Finally, the design you’ve had in your Pinterest board for months has now become a reality, and your skin is donning a cool new tattoo. But what next? How do you care for it so that it heals properly and looks as lovely as it should? Everything you need to know about tattoo aftercare is right here.
Have you gotten inked? Whether it’s your first tattoo or your newest, proper tattoo aftercare is critical to avoid unwanted scarring and infections. While it may sound like a terrible prospect, tattoo aftercare is nothing to be concerned about. Especially if you pay close attention and follow your tattoo artist’s advice. Here, we’ve compiled the top short- and long-term tattoo care advice from the pros, covering everything from how to clean it to signs it’s time to see your doctor.
Tattoo Aftercare: How to take care of your tattoo?
Follow the advise of your tattoo artist
Aftercare instructions will range from studio to studio, and even artists in the same studio may have varied opinions about what heals best. Pay attention to the instructions the artist provides you; most will provide you with a pamphlet with their recommendations written on it for you to take home.
Gently wash your tattoo
After getting a tattoo, your first concern should be to keep it clean. Remove the dressing the next morning, or whenever your tattoo artist instructs you to, and wash the tattoo with lukewarm water and non-perfumed soap. Finally, using a clean cloth, pat the tattoo dry.
Apply a thin layer of unscented moisturising cream
In order to care for your tattoo, apply a tiny layer of an unscented moisturising lotion, which your artist will recommend. According on your artist’s recommendation, you may either recover with clingfilm/gauze or leave it open to the air. In general, studios will recommend that you repeat the cleaning process 3-5 times each day.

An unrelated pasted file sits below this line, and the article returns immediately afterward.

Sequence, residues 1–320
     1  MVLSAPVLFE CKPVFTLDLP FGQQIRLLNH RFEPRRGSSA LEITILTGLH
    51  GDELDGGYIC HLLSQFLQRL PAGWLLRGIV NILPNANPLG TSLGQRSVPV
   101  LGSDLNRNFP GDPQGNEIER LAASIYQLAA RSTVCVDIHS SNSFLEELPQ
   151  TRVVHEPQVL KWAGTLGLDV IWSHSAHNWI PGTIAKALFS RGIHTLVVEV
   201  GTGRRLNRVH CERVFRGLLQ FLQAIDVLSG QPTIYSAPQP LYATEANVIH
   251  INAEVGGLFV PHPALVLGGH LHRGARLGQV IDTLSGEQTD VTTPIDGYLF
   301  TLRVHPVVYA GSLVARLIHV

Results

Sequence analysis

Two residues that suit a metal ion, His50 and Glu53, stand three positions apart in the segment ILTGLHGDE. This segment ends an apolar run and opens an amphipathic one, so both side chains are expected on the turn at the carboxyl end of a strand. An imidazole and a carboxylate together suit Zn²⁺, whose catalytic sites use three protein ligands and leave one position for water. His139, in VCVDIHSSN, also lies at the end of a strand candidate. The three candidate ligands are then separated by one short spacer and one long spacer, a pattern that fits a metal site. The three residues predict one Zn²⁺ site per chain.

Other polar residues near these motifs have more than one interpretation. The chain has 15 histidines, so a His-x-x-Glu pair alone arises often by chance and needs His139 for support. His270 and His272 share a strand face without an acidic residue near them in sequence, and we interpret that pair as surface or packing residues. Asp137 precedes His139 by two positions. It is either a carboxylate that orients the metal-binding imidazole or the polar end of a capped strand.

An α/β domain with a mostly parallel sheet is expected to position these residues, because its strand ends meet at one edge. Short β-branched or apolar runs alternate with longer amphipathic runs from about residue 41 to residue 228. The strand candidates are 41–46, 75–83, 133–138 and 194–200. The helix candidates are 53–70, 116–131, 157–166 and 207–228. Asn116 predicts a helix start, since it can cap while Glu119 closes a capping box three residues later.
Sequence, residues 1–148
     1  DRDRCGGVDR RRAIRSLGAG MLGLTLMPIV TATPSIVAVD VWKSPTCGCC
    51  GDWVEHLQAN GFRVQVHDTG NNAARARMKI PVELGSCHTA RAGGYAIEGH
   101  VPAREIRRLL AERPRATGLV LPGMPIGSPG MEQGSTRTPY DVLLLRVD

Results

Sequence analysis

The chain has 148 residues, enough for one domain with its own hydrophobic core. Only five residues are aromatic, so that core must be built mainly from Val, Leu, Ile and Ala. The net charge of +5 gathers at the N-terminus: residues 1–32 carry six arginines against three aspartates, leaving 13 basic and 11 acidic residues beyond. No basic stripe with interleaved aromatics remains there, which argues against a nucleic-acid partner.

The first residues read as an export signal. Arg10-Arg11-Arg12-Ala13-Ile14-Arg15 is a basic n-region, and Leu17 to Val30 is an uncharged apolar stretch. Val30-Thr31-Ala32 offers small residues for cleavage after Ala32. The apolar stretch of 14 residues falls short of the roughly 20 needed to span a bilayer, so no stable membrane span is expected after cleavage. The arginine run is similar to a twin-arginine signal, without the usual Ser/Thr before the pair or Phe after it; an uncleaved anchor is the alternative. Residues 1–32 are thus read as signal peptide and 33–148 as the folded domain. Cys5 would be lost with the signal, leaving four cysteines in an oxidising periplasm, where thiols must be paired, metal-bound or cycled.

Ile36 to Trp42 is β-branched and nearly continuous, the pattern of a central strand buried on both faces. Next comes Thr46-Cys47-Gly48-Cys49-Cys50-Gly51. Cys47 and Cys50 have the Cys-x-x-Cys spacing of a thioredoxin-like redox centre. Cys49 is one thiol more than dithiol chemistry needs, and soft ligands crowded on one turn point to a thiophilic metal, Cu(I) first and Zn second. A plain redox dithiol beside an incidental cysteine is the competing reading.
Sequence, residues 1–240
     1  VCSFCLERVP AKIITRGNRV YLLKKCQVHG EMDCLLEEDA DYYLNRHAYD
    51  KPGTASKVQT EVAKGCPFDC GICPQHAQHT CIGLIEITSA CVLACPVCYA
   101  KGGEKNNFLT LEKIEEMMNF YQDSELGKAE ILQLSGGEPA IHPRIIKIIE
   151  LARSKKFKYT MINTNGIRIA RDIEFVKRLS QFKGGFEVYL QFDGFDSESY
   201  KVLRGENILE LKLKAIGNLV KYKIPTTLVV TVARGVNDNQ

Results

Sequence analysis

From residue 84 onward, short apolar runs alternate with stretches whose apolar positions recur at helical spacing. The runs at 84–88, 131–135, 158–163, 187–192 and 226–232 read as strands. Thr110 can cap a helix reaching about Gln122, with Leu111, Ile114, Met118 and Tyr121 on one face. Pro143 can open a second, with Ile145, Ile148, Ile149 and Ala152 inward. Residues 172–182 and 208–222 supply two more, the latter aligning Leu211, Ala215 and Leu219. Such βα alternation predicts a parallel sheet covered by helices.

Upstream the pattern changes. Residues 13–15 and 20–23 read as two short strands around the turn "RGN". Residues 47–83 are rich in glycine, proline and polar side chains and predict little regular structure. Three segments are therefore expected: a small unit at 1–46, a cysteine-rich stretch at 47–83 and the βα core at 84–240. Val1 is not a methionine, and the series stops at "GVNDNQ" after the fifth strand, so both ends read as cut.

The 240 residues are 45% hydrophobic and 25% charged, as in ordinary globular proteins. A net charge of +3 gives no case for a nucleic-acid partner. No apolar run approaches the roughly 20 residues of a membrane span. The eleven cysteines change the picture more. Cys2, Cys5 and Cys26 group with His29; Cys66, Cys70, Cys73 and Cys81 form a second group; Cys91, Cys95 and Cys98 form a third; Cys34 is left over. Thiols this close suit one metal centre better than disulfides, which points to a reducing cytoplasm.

Keep the tattoo clean and dry
For at least a month, keep the tattoo clean and dry, and avoid soaking it in water (showers are ok, baths are not). Cover it with gauze/clingfilm and medical tape if your garments are going to rub on it.
Keep out of direct sunlight
Unless absolutely essential, keep it out of direct sunlight. Healed tattoos, particularly coloured ones, can fade in the sun, so if you’re going to be out in the sun, make sure it’s covered in a high SPF.
The tattoo may scab or peel somewhat as it heals. Picking at it may remove the ink in that region, resulting in patches fading or being removed entirely. If it itches, slap it lightly instead of scratching it. This should only last a few weeks; if it remains elevated, itches uncontrollably, is red around the design, continues to bleed for more than a day or so after having it done, or is always hot to the touch, contact your artist or seek medical attention. Infected tattoos are extremely rare, but they can happen, and it’s always worth getting it looked out if you’re concerned.
If needed, go to the studio for touch-ups
If you do happen to lose ink, your studio should retouch it for free – terrible tattoos and service lead to bad reputations, so it’s in their best interest to ensure you’re satisfied with the end outcome. Return in around 6 weeks if you need any areas of the tattoo touched up.
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Tattoos require some post-procedure TLC, but once healed, there are only a few things to keep in mind (avoiding prolonged sun exposure, itching, and shaving being a few of them). After the scabs have faded and the skin on the tattoo surface has the same texture as the rest of your skin, you’ll know your tattoo is healing properly. When in doubt, see your doctor to ensure your new ink is healing properly.
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Frequently Asked Questions (FAQs)
Answer: Keep the tattooed region out of the sun for at least a few weeks. Swimming should be avoided. While your tattoo is healing, avoid swimming pools, hot tubs, rivers, lakes, and other bodies of water. Choose clothing carefully.
Answer: Showering with a new tattoo is not only acceptable; it is also important for proper hygiene. Showering should not interfere with the healing process of your new ink as long as you follow the aftercare instructions your tattoo artist tells you and avoid rubbing or soaking your tattoo.
Answer: Coconut oil is gentle enough to be used at any stage of the tattooing process. It may be used on fresh or existing tattoos, as well as those undergoing removal or retouching.